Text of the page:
Inter partes review (IPR) before the Patent Trial and Appeal Board (PTAB) of the U.S. Patent and Trademark Office (USPTO) became available on 16 September 2012. The IPR is a post-grant review procedure to challenge the patentability of issued claims of a patent based on prior art patents and publications. An IPR must be requested within one year of the issuance of the patent. A patent owner — often the inventors — can submit a response if a patent is challenged. The response is known as the Patent Owner Preliminary Response (POPR).
Under the rules, the patent owner cannot “present new testimony evidence beyond that already of record.” Accordingly, in order to make a strong case to defeat institution of the IPR, the patent owner should, in the POPR, rely on declarations from experts and inventors setting forth 35 U.S.C. §§ 103 and 112 positions. The declarations need to be “of record.” In order to get them in the record, patent attorneys need to plan ahead and submit affidavits and declarations during prosecution — long before an IPR is requested. I believe that this is the current best practice for patent prosecution, especially if an IPR is expected.
Two cases illustrating the use of declarations are Anova Food L.L.C. v. Leo Sandau and William R. Kowalski, IPR2013-00114 and Omron Oilfield & Marine Inc. v. MD/TOTCO, A Division of Varco L.P., IPR2013-00265.
The Trademark Manual of Examining Procedure (TMEP) reminds us in section 1207.01(c)(iii) that if a mark of an application or registration is “presented in standard characters, the owner of the mark is not limited to any particular depiction of the mark.” Cunningham v. Laser Golf Corp., 222 F.3d 943, 950, 55 USPQ2d 1842, 1847 (Fed. Cir. 2000); In re Cox Enters., 82 USPQ2d 1040, 1044 (TTAB 2007).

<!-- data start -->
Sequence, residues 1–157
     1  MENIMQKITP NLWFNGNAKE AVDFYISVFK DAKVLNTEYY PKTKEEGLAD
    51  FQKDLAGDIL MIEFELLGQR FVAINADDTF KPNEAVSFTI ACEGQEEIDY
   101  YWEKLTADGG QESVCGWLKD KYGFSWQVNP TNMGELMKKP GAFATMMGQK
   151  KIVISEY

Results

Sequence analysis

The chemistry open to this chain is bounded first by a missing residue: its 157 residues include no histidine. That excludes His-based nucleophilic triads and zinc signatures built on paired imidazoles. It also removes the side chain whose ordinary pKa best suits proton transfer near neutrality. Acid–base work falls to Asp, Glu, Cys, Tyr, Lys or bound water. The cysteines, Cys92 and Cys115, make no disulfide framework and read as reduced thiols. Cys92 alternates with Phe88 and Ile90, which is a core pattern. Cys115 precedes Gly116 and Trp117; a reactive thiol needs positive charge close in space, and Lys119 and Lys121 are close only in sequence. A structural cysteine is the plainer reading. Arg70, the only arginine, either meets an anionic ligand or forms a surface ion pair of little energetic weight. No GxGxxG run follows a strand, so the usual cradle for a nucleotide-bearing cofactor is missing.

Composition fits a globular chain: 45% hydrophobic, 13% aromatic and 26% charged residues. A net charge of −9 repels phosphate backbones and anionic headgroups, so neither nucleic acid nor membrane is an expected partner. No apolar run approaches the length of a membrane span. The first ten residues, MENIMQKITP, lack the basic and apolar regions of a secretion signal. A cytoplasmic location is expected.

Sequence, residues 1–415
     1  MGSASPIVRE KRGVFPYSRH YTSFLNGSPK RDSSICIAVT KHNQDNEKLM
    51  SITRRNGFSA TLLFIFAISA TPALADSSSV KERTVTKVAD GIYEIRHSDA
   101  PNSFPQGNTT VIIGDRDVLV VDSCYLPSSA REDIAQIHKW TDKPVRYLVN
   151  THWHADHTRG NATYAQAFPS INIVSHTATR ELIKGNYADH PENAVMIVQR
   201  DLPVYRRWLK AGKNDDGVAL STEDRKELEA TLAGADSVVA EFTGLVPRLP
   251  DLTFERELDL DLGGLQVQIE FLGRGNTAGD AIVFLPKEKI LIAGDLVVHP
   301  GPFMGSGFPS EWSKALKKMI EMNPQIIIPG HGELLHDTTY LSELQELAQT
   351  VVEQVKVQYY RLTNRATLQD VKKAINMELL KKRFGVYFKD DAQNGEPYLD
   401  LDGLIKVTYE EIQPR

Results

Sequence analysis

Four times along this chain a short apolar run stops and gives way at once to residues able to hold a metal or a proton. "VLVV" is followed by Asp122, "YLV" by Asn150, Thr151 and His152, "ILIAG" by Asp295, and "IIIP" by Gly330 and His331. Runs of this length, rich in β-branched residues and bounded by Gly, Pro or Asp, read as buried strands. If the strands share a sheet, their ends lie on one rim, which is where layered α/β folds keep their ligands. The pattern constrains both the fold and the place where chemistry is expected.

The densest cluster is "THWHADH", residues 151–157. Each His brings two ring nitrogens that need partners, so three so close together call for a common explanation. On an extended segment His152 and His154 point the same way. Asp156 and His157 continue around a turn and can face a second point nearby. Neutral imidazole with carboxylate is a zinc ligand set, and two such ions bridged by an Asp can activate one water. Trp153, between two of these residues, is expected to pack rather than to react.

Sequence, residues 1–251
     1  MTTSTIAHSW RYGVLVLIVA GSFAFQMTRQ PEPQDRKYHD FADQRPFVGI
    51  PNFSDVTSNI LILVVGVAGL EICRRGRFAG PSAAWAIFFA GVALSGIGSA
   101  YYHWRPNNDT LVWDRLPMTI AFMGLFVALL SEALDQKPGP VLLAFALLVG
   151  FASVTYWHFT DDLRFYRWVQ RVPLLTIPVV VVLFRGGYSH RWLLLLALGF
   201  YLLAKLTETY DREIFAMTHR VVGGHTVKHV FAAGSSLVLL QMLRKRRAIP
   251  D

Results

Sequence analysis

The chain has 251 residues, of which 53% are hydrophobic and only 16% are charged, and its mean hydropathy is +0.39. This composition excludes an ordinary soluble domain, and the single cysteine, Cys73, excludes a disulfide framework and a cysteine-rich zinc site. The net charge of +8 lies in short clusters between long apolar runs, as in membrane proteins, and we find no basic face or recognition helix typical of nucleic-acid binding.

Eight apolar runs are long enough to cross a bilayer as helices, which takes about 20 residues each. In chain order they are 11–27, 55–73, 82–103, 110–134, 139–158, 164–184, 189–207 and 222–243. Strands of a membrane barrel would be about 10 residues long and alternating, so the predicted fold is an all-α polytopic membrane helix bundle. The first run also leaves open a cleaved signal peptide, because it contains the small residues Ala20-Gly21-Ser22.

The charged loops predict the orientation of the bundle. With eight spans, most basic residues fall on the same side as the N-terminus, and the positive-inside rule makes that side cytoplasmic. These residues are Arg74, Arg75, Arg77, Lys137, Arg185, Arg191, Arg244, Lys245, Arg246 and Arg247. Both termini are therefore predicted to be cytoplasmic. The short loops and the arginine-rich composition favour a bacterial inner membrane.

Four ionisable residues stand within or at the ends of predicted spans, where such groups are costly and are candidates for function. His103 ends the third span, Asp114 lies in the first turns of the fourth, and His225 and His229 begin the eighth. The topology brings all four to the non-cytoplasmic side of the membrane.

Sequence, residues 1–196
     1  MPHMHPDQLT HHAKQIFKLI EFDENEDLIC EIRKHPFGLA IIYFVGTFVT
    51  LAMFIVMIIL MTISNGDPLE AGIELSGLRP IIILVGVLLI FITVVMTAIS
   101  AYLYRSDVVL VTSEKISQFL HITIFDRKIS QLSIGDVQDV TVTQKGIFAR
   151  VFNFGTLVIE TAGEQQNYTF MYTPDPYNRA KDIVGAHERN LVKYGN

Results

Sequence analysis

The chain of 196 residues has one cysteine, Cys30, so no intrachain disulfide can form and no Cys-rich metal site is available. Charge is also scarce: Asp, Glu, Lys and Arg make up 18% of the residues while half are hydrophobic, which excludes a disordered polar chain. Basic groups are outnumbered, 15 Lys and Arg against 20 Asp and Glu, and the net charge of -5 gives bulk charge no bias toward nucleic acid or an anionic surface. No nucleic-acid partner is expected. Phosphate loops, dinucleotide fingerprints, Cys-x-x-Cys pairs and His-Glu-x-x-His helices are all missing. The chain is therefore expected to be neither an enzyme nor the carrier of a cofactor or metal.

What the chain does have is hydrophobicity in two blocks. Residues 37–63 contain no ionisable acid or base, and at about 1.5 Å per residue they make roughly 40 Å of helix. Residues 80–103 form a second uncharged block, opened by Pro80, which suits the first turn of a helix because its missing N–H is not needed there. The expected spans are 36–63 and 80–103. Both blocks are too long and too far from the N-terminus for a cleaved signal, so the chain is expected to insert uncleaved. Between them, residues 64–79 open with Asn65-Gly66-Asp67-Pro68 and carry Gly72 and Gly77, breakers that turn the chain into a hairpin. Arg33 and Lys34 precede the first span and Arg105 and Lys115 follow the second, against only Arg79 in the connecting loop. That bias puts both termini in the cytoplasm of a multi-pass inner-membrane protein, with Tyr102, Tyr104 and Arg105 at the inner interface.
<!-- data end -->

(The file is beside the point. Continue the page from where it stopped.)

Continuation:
The rights associated with a mark in standard characters reside in the wording (or other literal element, e.g., letters, numerals, punctuation) and not in any particular display. In re White Rock Distilleries Inc., 92 USPQ2d 1282, 1284 (TTAB 2009). A registrant is entitled to all depictions of a standard character mark regardless of the font style, size, or color, and not merely “reasonable manners” of depicting the mark.
Accordingly, unless there is a compelling need to do otherwise, the broadest protection comes from submitting a word-based trademark application for registration with the U.S. Trademark Office.
One of the leading cases on whether food recipes are patentable is In re Levin, 178 F.2d 945 (CCPA 1949). The inventor claimed a soft, spreadable emulsion of oil-in-water and various ingredients. In rejecting the ten claims, no single reference showed or suggested all of the ingredients and steps set forth in the claims. There were composition and method claims.
The court states, with emphasis added:
“This court has taken the position that new recipes or formulas for cooking food which involve the addition or elimination of common ingredients, or for treating them in ways which differ from the former practice, do not amount to invention merely because it is not disclosed that, in the constantly developing art of preparing food, no one else ever did the particular thing upon which the applicant asserts his right to a patent. In all such cases, there is nothing patentable unless the applicant by a proper showing further establishes a coaction or cooperative relationship between the selected ingredients which produces a new, unexpected, and useful function.”
Those are pretty harsh words! As can be seen, the U.S. Patent and Trademark Office (USPTO) is hostile to issuing patents on recipes for food. Chefs beware.
On 22 June 2015, the Supreme Court of the United States (SCOTUS), in a 6-3 decision, left undisturbed the 51-year-old decision in Brulotte v. Thys Co. (1964). The rule has been and continues to be that patent royalty agreements cannot require payments after the expiration of a patent. Kimble v. Marvel Entertainment, LLC, Case No. 13-720.
In this case, Marvel agreed to purchase Kimble’s patent for a lump sum plus a 3% royalty on future sales. The contract gave no expiration on the royalty. Toward the end of the life of the patent, Marvel asked a trial court to confirm that Marvel was not obligated to pay the royalty beyond the expiration of U.S. Patent No. 5,072,856. The court agreed. According to long-standing public policy, any invention as claimed in a patent falls into the public domain and thus grants the public free use of the invention after the patent expires. SCOTUS confirmed this understanding. According to SCOTUS, there are many other ways ways to structure contracts that include payments and other benefits to avoid this rule.